John Ingold, The Colorado Sun

As Democrats at the state Capitol near the introduction of the long-awaited and hugely controversial bill to create a public health insurance option, Colorado hospitals on Tuesday unveiled their counter offer.

Their proposal is a “total-cost-of-care” model — essentially a big health spending budget for the state. An independent commission would be charged with setting a target to limit how much health care spending in the state can grow each year.

“It is all providers, all payers, for all Coloradans,” said Chris Tholen, the CEO of the Colorado Hospital Association. “It really is a focus on a common shared goal.”

It is also, clearly, the hospitals’ attempt to steer lawmakers away from a public insurance option, which many hospitals despise because it will likely give regulators the ability to tell hospitals how much they can charge people covered by the public option.

While it is theoretically possible that the public option and the total-cost-of-care proposals could work together, supporters of both made clear this week that’s not what they have in mind.

So, this is now one of the fights that will define the remainder of the legislative session: Should the state use regulatory muscle or gentler collaboration to save Coloradans money in the future on health care?

“This is the long-term, big-picture of how we get the parties to work together,” said Sen. Bob Rankin, a Republican from Carbondale who plans to sponsor the total-cost-of-care bill at the legislature. “I believe it’s the wrong approach to pick a fight between insurance and hospitals.”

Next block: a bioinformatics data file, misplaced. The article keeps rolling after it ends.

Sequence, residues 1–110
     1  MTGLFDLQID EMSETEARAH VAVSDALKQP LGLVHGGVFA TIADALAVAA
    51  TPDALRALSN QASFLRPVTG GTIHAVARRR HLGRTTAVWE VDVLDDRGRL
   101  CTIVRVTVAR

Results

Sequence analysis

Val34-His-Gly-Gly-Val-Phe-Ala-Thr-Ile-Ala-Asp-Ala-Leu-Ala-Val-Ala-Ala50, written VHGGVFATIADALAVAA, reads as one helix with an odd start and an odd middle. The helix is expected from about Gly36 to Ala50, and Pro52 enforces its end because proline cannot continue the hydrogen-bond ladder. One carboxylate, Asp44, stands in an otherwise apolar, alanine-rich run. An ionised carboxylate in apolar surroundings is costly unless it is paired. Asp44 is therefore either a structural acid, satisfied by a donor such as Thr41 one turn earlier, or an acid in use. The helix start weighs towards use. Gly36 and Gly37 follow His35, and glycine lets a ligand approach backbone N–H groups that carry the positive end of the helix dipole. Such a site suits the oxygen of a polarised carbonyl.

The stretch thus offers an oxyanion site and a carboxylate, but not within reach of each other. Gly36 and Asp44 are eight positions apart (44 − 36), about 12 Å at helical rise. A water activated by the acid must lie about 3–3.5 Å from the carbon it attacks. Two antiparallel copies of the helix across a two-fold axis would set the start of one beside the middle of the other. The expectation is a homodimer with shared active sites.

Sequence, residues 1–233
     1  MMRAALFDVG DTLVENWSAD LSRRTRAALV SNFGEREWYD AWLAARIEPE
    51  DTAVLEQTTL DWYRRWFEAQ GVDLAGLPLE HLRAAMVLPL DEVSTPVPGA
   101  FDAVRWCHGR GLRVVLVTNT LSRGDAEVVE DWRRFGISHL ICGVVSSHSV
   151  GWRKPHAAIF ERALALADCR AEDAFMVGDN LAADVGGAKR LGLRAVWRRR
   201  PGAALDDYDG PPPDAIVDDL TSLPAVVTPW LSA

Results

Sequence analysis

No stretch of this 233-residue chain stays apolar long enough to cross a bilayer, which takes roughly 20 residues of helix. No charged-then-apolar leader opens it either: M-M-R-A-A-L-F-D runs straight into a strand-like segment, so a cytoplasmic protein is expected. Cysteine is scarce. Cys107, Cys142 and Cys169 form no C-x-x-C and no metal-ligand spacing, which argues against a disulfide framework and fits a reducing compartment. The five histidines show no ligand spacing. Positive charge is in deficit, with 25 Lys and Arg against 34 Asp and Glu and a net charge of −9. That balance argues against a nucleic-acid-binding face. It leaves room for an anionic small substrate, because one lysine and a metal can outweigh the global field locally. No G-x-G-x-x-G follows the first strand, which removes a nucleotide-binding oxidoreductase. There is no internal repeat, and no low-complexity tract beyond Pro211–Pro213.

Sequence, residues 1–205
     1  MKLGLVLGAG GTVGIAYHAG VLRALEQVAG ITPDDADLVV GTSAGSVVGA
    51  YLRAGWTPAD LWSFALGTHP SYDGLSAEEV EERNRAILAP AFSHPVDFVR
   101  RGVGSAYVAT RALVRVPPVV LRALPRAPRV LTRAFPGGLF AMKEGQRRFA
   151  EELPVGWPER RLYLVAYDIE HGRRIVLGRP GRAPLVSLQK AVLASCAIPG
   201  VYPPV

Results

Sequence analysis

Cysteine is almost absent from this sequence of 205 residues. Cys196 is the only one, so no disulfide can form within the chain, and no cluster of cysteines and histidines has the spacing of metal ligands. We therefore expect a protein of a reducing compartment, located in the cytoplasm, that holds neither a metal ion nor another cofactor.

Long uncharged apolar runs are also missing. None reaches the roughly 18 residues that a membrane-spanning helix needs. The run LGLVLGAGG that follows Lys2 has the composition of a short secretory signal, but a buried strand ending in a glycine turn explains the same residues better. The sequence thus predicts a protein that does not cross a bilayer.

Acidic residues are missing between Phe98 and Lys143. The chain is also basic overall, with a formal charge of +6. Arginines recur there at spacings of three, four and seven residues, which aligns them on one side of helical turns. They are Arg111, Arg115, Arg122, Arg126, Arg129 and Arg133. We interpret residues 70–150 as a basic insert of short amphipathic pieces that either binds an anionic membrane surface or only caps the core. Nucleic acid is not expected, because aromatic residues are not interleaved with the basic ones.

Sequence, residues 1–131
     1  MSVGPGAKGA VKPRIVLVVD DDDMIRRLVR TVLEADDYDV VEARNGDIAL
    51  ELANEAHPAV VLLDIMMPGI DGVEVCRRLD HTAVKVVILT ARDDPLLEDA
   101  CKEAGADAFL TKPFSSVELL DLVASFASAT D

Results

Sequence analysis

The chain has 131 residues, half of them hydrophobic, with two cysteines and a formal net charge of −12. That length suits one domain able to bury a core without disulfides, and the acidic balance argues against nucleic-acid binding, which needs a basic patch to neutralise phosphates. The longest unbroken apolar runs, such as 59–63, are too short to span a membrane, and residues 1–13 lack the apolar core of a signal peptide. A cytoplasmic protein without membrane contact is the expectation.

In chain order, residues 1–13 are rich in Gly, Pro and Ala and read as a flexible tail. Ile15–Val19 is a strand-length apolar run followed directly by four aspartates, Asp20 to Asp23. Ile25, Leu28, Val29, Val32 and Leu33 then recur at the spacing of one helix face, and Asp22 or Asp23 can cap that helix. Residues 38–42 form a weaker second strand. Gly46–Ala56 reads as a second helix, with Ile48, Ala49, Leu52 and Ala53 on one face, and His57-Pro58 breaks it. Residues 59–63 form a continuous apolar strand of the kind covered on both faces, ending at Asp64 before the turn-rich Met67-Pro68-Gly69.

But Gov. Jared Polis, who is actively pushing for the public option, came out deeply skeptical of the hospitals’ new plan.

“People are tired of getting ripped off on prescription drugs and health care,” Polis spokesman Conor Cahill said in a statement Tuesday. “… Any bill addressing the total cost of health care would have to actually move the needle on lowering health care costs for patients and hardworking families. We would review any bill that the legislature approves on total cost of care through that lens. The public option recommendation put forth by this administration is a Colorado solution to our health care challenges.”

How total cost of care works

The hospitals’ proposal is based on programs already running in Oregon and Massachusetts. In the Colorado version, the governor and lawmakers from both parties would appoint members of an independent commission, which would scoop up a whole bunch of data and come up with a calculation of how much everyone and everything in Colorado spends, in total, on health care in a year.

Then it would set the goal for how much health care spending can grow over the next year, a target that applies both to the state as a whole and every entity within the system. In Massachusetts, for example, the state set its growth target for 2018 at no more than 3.1%.

Hospitals, insurance companies and other health care entities in Colorado that exceed the target would first have a discussion with the commission about why — and then could progress to being hit with public hearings and a formal improvement plan. But there’s no provision in the draft bill that would allow the state to, say, revoke a hospital’s license if it doesn’t rein in costs.